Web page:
DL: And how is ACFM also incorporating streaming and episodic content into the market and other industry platforms?
OSG: Markets need to have products, sellers and buyers. ACFM considers IPs as ‘products’. Any audiovisual content needs a story as its foundation, and naturally, there will be many buyers for good stories, as well as sellers.
With the Busan Story Market launched this year, various industries centered on audiovisual IPs are expected to visit the market. A large number of domestic broadcasters and drama producers, as well as domestic and foreign streaming platforms, are already registering for attendance. In addition, Asian Contents Awards (ACA), celebrating its fourth edition this year, will be held on-site with a live audience, to host an awards ceremony for outstanding streaming and episodic contents from Korea and Asia.
DL: How closely does ACFM collaborate with BIFF? Are you increasing collaboration now that both ACFM and BIFF are returning as physical events?
OSG: ACFM and BIFF are indeed one body and organization. Apart from the separated budget, the film festival and market personnel work together and share all programs. In addition, we support the sales of the film festival’s official selections at the market, and provide opportunities for filmmakers to be able to watch the official selections more conveniently through the market’s online screenings. Also, major filmmakers invited to the film festival take part in Platform Busan for networking and to share information with independent Asian filmmakers.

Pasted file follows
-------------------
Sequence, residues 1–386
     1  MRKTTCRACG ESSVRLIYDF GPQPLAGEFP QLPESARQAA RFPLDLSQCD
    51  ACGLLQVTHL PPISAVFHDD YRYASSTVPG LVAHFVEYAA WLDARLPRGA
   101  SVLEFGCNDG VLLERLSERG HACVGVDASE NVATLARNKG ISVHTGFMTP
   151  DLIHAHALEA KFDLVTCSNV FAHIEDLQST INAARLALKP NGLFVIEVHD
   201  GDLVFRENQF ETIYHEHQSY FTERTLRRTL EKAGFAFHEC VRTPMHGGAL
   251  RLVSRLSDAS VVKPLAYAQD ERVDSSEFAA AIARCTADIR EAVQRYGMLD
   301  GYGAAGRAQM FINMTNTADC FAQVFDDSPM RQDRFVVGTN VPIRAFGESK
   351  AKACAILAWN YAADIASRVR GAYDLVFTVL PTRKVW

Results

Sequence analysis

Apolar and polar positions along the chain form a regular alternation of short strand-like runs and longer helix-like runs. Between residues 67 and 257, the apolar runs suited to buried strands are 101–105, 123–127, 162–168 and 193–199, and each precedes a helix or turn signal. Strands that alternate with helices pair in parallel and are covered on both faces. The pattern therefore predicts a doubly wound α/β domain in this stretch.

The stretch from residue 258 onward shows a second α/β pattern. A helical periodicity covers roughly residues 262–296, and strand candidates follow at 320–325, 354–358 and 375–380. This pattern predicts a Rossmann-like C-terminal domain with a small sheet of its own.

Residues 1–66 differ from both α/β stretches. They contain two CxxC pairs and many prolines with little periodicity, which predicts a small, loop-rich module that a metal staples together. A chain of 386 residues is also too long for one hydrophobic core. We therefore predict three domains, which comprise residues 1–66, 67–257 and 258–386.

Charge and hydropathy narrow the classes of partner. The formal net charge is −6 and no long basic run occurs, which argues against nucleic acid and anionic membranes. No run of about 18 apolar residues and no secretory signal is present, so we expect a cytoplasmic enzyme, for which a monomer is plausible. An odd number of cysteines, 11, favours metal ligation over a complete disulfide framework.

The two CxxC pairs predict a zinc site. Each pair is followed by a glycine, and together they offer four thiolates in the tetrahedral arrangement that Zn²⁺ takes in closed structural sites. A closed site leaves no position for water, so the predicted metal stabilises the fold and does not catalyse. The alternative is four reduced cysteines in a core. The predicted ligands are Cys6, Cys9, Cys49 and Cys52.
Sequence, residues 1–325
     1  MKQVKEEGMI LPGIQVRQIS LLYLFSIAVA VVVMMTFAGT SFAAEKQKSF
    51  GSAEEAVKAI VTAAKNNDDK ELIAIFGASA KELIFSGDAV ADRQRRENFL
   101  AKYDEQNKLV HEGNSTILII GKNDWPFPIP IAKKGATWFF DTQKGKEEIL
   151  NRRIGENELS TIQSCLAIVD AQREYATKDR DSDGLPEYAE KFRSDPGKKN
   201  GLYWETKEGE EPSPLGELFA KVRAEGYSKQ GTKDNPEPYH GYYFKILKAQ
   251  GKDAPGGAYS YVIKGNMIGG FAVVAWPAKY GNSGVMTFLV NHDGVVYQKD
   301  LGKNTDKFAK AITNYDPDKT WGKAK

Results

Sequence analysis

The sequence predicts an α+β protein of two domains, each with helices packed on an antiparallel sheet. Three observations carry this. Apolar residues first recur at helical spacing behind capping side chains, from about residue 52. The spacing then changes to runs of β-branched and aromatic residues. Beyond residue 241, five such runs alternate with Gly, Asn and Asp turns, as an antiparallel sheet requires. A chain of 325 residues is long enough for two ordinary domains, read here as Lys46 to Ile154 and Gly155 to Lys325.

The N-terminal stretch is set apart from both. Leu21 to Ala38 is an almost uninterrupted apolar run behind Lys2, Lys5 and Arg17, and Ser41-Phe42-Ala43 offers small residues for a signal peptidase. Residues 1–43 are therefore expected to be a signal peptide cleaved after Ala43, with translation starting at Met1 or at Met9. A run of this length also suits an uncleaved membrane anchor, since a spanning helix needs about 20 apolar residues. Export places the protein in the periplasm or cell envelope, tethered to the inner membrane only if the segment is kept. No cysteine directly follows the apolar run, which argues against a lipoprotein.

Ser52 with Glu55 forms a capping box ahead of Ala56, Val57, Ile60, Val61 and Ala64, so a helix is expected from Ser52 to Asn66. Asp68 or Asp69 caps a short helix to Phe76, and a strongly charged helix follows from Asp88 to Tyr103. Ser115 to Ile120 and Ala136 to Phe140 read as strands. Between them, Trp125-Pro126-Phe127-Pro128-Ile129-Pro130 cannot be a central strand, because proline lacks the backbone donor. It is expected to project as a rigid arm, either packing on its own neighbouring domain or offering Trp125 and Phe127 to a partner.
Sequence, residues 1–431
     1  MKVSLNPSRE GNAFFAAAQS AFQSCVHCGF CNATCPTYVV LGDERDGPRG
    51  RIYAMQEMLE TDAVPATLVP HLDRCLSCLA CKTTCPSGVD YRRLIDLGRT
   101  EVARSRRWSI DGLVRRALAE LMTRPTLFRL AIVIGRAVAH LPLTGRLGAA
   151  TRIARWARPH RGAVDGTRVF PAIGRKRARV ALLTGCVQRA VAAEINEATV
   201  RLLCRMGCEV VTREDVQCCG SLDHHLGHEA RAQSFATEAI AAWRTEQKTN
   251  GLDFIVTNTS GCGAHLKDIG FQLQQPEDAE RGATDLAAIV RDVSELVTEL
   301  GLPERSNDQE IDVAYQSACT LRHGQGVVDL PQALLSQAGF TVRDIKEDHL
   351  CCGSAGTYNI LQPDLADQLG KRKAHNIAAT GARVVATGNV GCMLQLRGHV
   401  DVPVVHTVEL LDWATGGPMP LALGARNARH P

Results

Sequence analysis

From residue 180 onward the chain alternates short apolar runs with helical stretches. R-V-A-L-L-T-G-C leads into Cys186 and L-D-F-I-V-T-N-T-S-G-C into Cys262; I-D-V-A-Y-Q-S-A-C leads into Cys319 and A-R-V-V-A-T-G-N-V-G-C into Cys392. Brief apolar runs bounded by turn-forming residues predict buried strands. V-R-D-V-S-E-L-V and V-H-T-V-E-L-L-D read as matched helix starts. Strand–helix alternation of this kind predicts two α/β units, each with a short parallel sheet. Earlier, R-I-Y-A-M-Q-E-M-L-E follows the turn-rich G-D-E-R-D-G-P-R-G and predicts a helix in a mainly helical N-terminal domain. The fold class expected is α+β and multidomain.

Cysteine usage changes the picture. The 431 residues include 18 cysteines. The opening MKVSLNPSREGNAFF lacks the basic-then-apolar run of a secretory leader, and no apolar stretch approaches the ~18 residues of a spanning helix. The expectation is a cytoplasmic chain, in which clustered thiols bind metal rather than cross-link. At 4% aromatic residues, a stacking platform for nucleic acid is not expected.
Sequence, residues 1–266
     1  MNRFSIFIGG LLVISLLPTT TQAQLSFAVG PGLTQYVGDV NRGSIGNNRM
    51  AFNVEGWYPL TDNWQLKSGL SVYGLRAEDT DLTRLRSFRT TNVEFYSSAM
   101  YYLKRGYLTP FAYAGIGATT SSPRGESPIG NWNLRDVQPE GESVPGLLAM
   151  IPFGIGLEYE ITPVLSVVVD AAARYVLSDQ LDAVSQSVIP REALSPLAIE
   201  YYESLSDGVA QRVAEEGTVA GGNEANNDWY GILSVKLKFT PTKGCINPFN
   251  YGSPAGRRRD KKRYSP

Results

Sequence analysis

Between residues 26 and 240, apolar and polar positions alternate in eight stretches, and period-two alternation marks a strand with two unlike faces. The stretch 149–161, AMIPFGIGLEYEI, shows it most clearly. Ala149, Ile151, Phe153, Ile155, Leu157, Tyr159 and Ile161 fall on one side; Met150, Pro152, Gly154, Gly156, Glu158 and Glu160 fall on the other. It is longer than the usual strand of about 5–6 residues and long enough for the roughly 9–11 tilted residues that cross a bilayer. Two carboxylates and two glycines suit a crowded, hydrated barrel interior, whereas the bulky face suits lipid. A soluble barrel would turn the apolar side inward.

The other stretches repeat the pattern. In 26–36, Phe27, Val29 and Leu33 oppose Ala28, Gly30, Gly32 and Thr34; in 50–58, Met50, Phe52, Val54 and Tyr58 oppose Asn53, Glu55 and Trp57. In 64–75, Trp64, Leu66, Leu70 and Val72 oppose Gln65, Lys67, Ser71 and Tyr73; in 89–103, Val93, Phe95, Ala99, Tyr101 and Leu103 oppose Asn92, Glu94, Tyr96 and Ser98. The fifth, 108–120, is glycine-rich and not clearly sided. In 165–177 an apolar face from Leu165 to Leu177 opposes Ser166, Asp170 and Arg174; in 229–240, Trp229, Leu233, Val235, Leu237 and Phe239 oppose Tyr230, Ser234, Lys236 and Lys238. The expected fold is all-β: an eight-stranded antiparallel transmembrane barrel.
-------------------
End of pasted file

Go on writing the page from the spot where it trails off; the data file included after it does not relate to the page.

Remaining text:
DL: In your opinion, what are the biggest challenges and opportunities currently facing the Korean film industry?
OSG: Multiplex cinemas in Korea account for nearly 80% of the total theaters, and comprise more than 90% of the market in terms of the number of seats and screens. Moreover, the multiplexes form a hierarchical integration by monopolizing all processes from investment to distribution. Due to the pandemic, theaters have cut their budgets, so are only focusing on investment and distribution in commercial films. This means that it has become almost impossible to release art or independent films that are not funded by multiplexes in the theaters.
This situation is very crucial and represents a crisis in the Korean film industry. While films with various perspectives and fresh cinematic language should be produced, investment is now concentrated on commercial films. This was already an ongoing problem before the pandemic, but it is now much more prominent than ever before. At this point, the role of film festivals and markets is much more crucial. They should strengthen programs that support and introduce unique and artistic films.
DL: As one of the founding members of the Asian Film Awards, BIFF has held the awards ceremony online during your festival for the past two years, but is not doing so this year. What is happening to the awards?
OSG: Before the pandemic, it was agreed that the Asian Film Awards should be held by the [founding members] Hong Kong, Busan and Tokyo film festivals annually in succession. For the past two years, the awards were held online in Busan due to the pandemic. Next year, they will be held as an in person event in March during the Hong Kong International Film Festival.
DL: Will there be any online components to ACFM?
OSG: ACFM will maintain the online market (https://online.acfm.kr) service that has been operating for the past two years. This includes online screenings and online business meetings with ACFM and Busan Story Market official selections. As this year’s priority is offline events, conferences and events will only be held on site. ACFM badge holders can watch some of the official selections of BIFF through online screenings, which has attracted much interest over the past two years and will be continued this year.